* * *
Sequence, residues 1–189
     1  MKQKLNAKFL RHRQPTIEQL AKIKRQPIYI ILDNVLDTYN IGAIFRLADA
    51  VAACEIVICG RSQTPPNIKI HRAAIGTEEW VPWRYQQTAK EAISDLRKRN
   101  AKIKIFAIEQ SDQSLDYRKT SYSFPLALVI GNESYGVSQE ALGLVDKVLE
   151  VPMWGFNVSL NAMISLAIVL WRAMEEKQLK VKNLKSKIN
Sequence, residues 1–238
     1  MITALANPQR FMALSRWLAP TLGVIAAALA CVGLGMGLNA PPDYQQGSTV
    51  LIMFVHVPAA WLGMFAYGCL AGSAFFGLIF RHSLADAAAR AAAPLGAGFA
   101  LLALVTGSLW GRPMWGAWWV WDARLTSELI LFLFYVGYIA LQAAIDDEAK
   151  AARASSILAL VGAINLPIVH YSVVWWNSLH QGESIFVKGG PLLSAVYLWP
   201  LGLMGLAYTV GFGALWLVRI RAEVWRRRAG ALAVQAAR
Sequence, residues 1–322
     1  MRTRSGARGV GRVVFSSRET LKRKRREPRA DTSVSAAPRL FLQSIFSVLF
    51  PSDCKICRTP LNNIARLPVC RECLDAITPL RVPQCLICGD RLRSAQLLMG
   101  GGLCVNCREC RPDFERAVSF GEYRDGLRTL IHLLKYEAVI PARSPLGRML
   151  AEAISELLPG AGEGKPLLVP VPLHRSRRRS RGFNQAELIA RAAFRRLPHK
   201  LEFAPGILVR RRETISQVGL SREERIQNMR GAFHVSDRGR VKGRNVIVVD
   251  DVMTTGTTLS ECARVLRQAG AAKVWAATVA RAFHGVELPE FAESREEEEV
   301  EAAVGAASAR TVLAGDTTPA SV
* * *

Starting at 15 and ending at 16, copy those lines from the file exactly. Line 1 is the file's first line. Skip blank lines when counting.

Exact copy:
   101  GGLCVNCREC RPDFERAVSF GEYRDGLRTL IHLLKYEAVI PARSPLGRML
   151  AEAISELLPG AGEGKPLLVP VPLHRSRRRS RGFNQAELIA RAAFRRLPHK